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Loren Scott v. Kelkris Associates

March 23, 2012



Plaintiff Loren Scott brought this action against defendant Kelkris Associates, Inc., dba Credit Bureau Associates arising out of defendant's allegedly improper service of plaintiff in a debt collection action. Presently before the court is defendant's motion for summary judgment pursuant to Federal Rule of Civil Procedure 56.

I. Factual and Procedural Background

Defendant was assigned a debt that was allegedly owed by plaintiff to Travis Credit Union. Defendant filed a debt collection suit against plaintiff in the Superior Court of California for Sacramento County on January 23, 2009. (Compl. 6, Ex. B.) Defendant hired a licensed process server, Moe's Process Serving ("Moe's"), to serve plaintiff with the summons and complaint. (Id. Ex. C; O'Brien Decl. ¶ 4.) The address that defendant had on file for plaintiff was 3660 Scorpio Drive, Sacramento, California. When Moe's attempted to serve plaintiff at this address, the process server was told that plaintiff did not live at that address and the resident did not know plaintiff. (O'Brien Decl. ¶ 5.)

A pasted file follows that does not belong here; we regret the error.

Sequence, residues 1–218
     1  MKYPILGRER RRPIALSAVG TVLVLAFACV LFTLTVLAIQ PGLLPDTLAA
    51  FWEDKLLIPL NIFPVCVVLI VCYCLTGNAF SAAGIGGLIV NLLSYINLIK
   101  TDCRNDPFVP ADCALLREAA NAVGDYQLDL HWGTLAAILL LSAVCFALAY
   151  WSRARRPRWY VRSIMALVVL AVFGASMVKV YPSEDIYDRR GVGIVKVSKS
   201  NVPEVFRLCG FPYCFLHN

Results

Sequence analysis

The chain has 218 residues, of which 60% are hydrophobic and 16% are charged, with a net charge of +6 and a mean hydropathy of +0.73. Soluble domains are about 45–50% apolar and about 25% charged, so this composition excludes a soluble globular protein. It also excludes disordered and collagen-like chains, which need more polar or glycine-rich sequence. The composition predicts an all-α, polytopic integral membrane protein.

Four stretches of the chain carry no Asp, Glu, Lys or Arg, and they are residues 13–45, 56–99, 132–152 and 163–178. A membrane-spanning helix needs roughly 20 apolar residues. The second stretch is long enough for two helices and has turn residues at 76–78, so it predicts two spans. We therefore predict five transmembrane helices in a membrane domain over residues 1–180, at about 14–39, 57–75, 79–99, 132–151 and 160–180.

Defendant attempted to find an updated address for plaintiff and identified 8624 Culpepper Drive, Sacramento, California, as the most recent address listed on plaintiff's credit report. (Id. ¶ 6.) Defendant then cross-checked the address through a service called Accurint, which indicated that there were residents at that address with the same last name as plaintiff. (Id. ¶ 7.) Defendant believed that plaintiff was likely living with his family and provided the Culpepper address to Moe's for process serving. (Id. ¶¶ 8-9.)

Plaintiff had previously lived at 8624 Culpepper Drive, (Steinheimer Decl. Ex. B ("Pl.'s Dep.") at 7:17-8:5 (Docket No. 17)), but did not inform Travis Credit Union or defendant when he moved to a new residence, (id. at 37:8-21).

Moe's attempted to serve plaintiff at the Culpepper address. (Abegglen Decl. Ex. A (Docket No. 17).) On the first two attempts there was no one at home. On the third attempt, the process server was told by plaintiff's father, Lewis Scott, that plaintiff was not available at that time. (Id. ¶ 3, Ex. A.)

The process server attempted to effectuate substitute service of the summons and complaint by leaving a copy of the sommons and complaint with plaintiff's father. (Id.) Lewis Scott did not tell the process server that plaintiff did not live with him. (Id. ¶ 3.)

Moe's then mailed a copy of the summons and complaint to the Culpepper address. (Id. ¶ 4, Ex. A.) This copy of the summons and complaint was not returned in the mail. (Id. ¶ 4.) Moe's did not inform defendant that service had not been properly effectuated on plaintiff. (Id. ¶ 5; O'Brien Decl. ¶¶ 9-10.) Defendant alleges that at the time of the attempted substitute service, it believed that plaintiff lived at the Culpepper address. (O'Brien Decl. ¶¶ 9-10.)